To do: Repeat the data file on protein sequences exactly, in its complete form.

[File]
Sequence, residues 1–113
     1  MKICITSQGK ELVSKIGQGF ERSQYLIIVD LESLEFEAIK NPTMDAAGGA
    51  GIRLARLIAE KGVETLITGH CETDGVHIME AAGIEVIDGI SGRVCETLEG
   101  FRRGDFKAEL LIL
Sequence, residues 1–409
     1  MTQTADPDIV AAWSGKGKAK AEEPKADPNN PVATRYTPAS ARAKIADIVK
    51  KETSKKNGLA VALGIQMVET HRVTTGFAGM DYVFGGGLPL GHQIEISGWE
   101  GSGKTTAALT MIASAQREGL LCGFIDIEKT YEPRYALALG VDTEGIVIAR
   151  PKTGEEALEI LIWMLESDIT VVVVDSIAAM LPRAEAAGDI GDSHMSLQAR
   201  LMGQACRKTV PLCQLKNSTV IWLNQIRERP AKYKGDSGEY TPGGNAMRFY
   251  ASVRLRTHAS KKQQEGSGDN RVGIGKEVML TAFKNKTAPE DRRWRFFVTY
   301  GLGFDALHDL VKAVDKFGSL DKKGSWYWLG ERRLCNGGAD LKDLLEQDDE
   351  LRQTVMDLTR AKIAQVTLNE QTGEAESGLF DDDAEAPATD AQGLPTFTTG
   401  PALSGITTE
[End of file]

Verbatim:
Sequence, residues 1–113
     1  MKICITSQGK ELVSKIGQGF ERSQYLIIVD LESLEFEAIK NPTMDAAGGA
    51  GIRLARLIAE KGVETLITGH CETDGVHIME AAGIEVIDGI SGRVCETLEG
   101  FRRGDFKAEL LIL
Sequence, residues 1–409
     1  MTQTADPDIV AAWSGKGKAK AEEPKADPNN PVATRYTPAS ARAKIADIVK
    51  KETSKKNGLA VALGIQMVET HRVTTGFAGM DYVFGGGLPL GHQIEISGWE
   101  GSGKTTAALT MIASAQREGL LCGFIDIEKT YEPRYALALG VDTEGIVIAR
   151  PKTGEEALEI LIWMLESDIT VVVVDSIAAM LPRAEAAGDI GDSHMSLQAR
   201  LMGQACRKTV PLCQLKNSTV IWLNQIRERP AKYKGDSGEY TPGGNAMRFY
   251  ASVRLRTHAS KKQQEGSGDN RVGIGKEVML TAFKNKTAPE DRRWRFFVTY
   301  GLGFDALHDL VKAVDKFGSL DKKGSWYWLG ERRLCNGGAD LKDLLEQDDE
   351  LRQTVMDLTR AKIAQVTLNE QTGEAESGLF DDDAEAPATD AQGLPTFTTG
   401  PALSGITTE